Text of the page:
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Pavlova and Pretentiousness

07 Jun

I completely forgot in my last post to mention the delicious strawberry pavlova I made for a friends BBQ on Bank Holiday Monday. It was so good, the meringue was crunchy on the outside and gooey and chewy in the middle, which in my eyes is perfection for meringue. I would like to point out that I’m definitely not sitting here bigging myself up for such wonderful cooking skills, I literally follow the recipe and the end result is 10% down to me and 90% down to the writer of the recipe. Given free reign in the kitchen I come up with disasters, and while there are several things I can cook by heart, without my beloved cookbooks I would be limited to about 5 dishes! The pavlova recipe came from Supper Club by Kerstin Rodgers, which I believe I’ve already told you is a beautiful book with some great food photography (way better than my poor efforts!). The only criticism, and it’s a small one, is that as advised by the book I made a salted caramel to drizzle over the pavlova which could barely be tasted amongst the cream, strawberries and meringues. Pavlova just doesn’t need any fancy drizzles or garnishes, it’s perfect in its purest form, salted caramel needs to find another dish to play with.

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Now onto the pretentiousness. I’ve been watching Great British Menu on BBC One, and while I love it, I have to say that the BBC really should hire me as a fourth judge to give the show some perspective. Some dishes would make me want to throw my plate at the wall and scream “enough of this pretentious shit, bring me some real food in a decent sized portion”. I’d love to see the look on Oliver, Prue and Matthews faces, and I’m pretty sure I wouldn’t be invited back. I’ve nothing at all against fancy Michelin starred food, some of the dishes look amazing and very very tasty. However, I do have a problem with cooking purely to show off, being groundbreaking at the expense of the food, and pointless spherical shapes. I mean, the other week some guy plated up a dish with globules that were bright green, looked like peas, and according to him tasted just like peas as he really wanted to get the essence of peas in to the dish. Call me old fashioned, but may I suggest using actual peas? Instead of going to a huge amount of effort, using chemicals and fancy equipment, just get the best tasting peas you can find. Sure, there’s not a lot of skill in that, but surely the best meals are ones that reflect simple, good ingredients, cooked with passion? Save the skilled work for cooking meat perfectly or making amazing pastry desserts, not making a fake pea. It’s pretentious. And while I’m on the subject, don’t be so stingy with portion size. If I was an Olympic athlete and the BBC were throwing a banquet for me, I’d want to forget the exercise and diet regimen for one day and eat well and plenty. Just a thought. Saying all this, most of the dishes look awesome, and if any of the chefs on Great British Menu are reading, (very unlikely i know) I am more than happy to try your dishes and judge them accordingly!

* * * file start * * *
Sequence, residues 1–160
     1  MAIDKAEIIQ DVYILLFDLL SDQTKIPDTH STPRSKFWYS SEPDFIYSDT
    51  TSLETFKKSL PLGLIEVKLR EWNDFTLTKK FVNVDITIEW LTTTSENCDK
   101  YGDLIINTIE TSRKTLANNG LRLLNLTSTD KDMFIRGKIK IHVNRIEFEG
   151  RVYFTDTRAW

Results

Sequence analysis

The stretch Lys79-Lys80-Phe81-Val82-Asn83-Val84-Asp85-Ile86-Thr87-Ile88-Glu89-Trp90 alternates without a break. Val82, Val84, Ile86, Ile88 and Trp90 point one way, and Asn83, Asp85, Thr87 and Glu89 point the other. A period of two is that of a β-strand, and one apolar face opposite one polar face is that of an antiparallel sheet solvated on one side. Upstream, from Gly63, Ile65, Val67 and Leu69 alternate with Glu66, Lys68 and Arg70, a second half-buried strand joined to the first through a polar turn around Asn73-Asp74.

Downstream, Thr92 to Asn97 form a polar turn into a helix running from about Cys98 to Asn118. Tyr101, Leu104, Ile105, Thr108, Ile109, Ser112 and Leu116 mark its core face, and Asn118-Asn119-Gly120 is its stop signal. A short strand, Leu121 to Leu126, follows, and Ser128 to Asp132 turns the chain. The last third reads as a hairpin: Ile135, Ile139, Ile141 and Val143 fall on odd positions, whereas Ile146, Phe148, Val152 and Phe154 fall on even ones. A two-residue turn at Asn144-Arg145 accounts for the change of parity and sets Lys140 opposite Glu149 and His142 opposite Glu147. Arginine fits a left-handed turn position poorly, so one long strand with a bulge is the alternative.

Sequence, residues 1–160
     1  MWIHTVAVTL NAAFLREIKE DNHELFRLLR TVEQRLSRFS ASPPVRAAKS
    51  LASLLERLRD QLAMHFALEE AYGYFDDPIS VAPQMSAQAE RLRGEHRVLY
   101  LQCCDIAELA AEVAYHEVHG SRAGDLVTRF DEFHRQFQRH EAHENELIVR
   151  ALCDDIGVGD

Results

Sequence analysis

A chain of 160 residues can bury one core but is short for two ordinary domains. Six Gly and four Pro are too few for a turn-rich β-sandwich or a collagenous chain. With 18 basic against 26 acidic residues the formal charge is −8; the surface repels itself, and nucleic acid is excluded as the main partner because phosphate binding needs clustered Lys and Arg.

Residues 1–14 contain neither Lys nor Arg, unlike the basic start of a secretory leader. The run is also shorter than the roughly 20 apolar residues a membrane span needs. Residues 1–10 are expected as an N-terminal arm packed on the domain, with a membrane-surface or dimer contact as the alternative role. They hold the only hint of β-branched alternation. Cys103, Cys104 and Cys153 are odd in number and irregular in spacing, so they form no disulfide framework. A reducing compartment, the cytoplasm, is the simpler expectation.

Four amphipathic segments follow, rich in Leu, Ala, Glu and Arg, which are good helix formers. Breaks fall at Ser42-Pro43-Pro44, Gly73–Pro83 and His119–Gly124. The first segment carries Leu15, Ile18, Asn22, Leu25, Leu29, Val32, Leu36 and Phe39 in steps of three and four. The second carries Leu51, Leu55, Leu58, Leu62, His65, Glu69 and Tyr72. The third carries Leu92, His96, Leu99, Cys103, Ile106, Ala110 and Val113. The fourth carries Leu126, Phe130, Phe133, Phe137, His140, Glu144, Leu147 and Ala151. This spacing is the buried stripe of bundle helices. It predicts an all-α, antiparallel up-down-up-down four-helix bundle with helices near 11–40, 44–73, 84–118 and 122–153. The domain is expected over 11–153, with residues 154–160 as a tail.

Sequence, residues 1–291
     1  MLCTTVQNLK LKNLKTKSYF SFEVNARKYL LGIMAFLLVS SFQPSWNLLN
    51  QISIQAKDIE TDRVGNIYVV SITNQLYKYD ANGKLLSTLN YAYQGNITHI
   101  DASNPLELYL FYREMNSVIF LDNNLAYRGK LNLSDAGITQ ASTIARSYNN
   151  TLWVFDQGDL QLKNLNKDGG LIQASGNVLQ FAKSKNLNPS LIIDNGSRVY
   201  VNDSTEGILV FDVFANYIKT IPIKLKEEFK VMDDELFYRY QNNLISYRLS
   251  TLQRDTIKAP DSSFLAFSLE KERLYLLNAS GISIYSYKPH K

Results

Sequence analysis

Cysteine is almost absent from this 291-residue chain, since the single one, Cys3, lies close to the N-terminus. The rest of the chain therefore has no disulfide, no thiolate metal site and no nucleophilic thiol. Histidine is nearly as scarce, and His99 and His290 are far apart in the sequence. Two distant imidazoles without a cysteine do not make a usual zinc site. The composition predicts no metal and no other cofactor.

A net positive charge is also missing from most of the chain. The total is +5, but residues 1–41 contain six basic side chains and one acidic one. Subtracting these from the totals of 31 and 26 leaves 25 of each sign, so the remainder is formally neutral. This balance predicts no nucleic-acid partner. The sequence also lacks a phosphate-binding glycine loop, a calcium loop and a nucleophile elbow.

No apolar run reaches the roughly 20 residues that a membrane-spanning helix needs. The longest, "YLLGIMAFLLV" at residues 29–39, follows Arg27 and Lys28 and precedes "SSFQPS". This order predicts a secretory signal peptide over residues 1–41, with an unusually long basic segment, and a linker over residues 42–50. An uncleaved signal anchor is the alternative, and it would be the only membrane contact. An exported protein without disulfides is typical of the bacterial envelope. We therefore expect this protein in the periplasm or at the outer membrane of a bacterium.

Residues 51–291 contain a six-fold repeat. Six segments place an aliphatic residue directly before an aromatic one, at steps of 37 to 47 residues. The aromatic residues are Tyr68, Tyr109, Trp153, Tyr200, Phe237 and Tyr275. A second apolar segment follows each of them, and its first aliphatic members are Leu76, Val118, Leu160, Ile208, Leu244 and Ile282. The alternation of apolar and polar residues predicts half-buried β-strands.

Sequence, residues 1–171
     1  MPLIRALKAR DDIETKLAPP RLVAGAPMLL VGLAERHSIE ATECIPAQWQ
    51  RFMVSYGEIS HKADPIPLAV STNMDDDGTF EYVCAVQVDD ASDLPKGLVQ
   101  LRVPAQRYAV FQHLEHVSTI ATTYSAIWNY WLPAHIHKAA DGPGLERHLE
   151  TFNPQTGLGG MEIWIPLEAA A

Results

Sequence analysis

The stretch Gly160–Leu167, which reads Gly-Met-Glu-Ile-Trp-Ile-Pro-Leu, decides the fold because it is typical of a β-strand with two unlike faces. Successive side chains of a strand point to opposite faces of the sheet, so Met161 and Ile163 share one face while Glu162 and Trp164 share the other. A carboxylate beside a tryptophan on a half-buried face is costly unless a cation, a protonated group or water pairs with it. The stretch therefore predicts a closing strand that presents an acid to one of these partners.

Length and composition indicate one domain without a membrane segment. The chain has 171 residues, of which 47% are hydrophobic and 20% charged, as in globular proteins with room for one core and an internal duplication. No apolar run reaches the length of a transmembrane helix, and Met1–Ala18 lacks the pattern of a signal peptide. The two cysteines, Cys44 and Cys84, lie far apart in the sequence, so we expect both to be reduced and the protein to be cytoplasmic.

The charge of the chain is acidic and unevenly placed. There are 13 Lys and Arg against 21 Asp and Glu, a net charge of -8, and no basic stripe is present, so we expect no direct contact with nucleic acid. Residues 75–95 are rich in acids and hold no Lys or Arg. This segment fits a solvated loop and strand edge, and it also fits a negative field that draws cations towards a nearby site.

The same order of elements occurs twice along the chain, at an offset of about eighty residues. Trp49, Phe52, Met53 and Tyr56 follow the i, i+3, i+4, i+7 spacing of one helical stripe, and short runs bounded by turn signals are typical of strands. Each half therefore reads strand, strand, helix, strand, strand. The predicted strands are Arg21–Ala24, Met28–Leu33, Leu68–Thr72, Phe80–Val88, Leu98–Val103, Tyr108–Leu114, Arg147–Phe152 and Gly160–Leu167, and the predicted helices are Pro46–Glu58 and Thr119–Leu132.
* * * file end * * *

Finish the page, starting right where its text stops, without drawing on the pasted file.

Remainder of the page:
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Posted by on June 7, 2012 in Books, Cooking, Food, Puddings

 

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